Jerry Frank Townsend, cleared of serial murders by DNA tests in 2000 and 2001, expects to battle for compensation in the courts for years against attorneys for police and prosecutors in Broward and Miami-Dade counties.
Civil lawsuits are expected from Timothy Brown, 27, released from prison on bond last week after a federal judge overturned his 1993 murder conviction, and from Keith King, his supposed partner in the 1990 killing of a Broward deputy. They, too, can expect to wait years for any money.
A PRICE ON TIME?
”How can you put a price on time?” asked Pitts, who works nights at Miami International Airport. “What price is a human life? Something is going to have to be done at the state level to make sure there is compensation for people like me.”
When the wrongly convicted walk out of prison in Florida, they get $100 and a one-way bus ticket, the same as any other inmate.
Supporters say they deserve more.
The Innocence Project at Cardozo Law School in New York and the DNA Identification Technology and Human Rights Center of Berkeley, Calif., recently announced the establishment of their jointly run Life After Exoneration Project.
Organizers plan to establish a nationwide support network for the exonerated that includes housing assistance, job training and mental-health services.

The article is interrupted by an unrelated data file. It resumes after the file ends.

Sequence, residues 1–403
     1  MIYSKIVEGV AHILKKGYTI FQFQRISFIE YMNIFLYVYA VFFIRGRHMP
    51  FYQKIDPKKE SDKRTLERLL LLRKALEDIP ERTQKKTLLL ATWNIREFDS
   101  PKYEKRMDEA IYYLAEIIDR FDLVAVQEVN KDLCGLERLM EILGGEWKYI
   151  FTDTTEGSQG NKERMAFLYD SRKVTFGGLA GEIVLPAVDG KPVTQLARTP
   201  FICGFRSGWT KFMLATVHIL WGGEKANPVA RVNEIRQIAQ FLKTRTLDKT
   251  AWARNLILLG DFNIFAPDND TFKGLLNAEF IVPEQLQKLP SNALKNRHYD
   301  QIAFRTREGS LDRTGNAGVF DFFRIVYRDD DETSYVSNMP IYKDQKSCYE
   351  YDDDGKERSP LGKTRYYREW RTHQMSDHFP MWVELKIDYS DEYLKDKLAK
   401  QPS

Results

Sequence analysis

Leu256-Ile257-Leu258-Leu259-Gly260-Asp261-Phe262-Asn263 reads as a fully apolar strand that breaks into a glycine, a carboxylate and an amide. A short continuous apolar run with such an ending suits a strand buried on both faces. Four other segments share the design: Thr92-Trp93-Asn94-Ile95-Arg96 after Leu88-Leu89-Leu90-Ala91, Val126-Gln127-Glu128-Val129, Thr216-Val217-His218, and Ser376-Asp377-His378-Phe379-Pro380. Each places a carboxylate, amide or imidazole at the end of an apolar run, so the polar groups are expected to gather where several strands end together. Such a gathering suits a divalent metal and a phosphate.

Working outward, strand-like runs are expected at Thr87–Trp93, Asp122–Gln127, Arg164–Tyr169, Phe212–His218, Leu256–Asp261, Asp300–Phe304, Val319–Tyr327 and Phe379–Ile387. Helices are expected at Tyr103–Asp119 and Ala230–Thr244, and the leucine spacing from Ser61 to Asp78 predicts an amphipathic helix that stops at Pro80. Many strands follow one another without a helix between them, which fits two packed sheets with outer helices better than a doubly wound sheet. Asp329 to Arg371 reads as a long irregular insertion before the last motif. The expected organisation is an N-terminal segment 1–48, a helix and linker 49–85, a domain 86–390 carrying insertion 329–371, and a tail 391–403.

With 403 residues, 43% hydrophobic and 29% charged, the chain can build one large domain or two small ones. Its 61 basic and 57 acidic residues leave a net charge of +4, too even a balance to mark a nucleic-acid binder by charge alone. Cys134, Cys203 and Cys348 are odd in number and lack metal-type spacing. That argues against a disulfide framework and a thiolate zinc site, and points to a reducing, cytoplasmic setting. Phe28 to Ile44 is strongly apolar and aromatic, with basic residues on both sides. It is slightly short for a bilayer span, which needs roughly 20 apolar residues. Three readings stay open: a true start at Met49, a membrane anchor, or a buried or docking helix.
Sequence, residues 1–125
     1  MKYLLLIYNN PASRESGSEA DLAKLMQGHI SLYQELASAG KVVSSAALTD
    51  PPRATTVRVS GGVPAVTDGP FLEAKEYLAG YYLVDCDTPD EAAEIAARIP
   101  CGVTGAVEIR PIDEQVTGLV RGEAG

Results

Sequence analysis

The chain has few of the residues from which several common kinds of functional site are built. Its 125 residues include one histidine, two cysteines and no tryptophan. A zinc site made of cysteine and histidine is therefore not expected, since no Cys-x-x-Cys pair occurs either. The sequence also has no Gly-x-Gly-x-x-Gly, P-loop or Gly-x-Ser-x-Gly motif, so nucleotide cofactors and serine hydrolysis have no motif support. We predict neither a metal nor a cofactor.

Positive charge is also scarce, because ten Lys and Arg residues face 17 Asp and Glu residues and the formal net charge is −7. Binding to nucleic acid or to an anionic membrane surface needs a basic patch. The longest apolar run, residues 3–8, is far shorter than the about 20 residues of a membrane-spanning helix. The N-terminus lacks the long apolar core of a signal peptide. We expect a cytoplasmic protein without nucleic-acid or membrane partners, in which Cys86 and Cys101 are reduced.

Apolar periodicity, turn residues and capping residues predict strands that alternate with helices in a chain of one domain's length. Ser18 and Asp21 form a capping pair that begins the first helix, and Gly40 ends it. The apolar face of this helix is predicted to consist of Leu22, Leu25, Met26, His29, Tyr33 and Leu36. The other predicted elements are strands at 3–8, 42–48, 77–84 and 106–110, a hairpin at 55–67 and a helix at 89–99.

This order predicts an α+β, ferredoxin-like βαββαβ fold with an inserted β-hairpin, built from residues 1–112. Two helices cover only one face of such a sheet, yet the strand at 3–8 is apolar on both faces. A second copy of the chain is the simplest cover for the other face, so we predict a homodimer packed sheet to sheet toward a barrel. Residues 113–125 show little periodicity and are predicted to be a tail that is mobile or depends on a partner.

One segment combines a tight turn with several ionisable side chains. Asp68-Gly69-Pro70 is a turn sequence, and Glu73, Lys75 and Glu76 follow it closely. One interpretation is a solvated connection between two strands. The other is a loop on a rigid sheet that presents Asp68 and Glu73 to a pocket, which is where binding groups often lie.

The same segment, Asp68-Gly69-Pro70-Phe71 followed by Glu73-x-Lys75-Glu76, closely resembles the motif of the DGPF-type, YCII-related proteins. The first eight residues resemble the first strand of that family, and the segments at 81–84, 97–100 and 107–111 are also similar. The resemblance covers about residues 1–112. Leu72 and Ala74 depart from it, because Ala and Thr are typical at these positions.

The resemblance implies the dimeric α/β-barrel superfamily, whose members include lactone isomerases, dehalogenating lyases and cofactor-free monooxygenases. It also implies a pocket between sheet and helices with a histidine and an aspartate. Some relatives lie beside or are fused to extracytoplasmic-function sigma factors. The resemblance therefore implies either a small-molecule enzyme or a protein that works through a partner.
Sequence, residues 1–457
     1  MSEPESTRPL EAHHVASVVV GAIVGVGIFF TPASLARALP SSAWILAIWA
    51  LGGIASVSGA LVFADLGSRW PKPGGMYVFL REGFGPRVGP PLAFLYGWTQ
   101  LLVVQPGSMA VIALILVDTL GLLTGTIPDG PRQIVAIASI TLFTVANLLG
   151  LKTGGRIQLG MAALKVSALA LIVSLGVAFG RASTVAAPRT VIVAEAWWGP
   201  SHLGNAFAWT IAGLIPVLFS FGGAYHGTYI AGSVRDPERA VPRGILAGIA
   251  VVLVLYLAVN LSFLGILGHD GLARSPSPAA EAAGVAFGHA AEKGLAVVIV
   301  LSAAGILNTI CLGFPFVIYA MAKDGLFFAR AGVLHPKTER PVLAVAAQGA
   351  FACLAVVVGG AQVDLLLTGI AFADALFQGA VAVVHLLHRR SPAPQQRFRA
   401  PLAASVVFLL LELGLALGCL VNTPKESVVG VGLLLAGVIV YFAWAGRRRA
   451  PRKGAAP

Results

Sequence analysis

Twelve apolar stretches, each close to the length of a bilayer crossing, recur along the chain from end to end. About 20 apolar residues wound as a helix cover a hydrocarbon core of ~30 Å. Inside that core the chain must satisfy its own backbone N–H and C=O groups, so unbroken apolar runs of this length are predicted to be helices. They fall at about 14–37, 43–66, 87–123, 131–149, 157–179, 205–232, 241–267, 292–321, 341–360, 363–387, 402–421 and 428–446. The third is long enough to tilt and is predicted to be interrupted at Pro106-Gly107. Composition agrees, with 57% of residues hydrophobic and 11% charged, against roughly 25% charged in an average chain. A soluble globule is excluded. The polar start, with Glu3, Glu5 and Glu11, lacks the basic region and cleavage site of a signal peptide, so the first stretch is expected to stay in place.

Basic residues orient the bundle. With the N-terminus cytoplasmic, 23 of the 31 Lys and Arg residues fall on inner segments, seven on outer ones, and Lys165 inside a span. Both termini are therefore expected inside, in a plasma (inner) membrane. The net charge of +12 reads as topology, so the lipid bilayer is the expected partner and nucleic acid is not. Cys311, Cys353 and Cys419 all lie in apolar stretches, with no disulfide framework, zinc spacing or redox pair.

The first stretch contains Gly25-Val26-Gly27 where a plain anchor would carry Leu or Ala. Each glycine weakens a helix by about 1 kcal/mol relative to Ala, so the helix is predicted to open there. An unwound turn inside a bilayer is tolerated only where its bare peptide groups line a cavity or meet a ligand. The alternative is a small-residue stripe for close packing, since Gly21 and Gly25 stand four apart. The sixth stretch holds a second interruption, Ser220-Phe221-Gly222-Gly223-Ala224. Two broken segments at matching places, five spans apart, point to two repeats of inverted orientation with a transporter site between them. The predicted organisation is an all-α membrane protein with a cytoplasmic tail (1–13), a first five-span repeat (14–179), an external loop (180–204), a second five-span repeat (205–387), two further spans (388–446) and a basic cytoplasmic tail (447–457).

”Someone like Tim Brown, who went into the prison system as a juvenile with special needs, probably received horrific treatment while he was in prison,” said Nina Morrison, executive director of the Innocence Project. “We would help him and his family adjust and find a mentor for him, someone who has gone through what he went through.”
The program should be in operation by this fall.
”One of our major platforms will be to make sure that states adequately compensate the exonerated,” said Barry Scheck, co-founder of the project.
Lola Vollen, director of the DNA Identification Technology and Human Rights Center, will spearhead the program. Vollen said support is needed because people who are wrongly imprisoned are left emotionally and financially broken.
A landslide of high-profile exonerations in the past decade has brought new questions about what, if anything, inmates deserve in compensation for what they have lost — in wages, dignity, peace of mind and freedom.
”Until someone has been through the system and falsely accused and vindicated, they have no idea what kind of financial and emotional toll it takes on a person,” said William Matthewman, a Miami attorney for the family of Frank Lee Smith.
Fifteen states, the District of Columbia and the federal government offer some sort of compensation to the wrongly convicted. Typically, the inmate must first show that the conviction was reversed and innocence proved.
California offers such inmates up to $100 for each day of incarceration. Iowa offers up to $25,000 a year. Texas caps such awards at $500,000.
”These kinds of state mechanisms are the minority, and typically they do not provide a sufficient dollar amount in any way, shape or form to approximate the harm that was inflicted,” said Locke Bowman, director of the MacArthur Justice Center at the University of Chicago Law School.
OPTIONS IN FLORIDA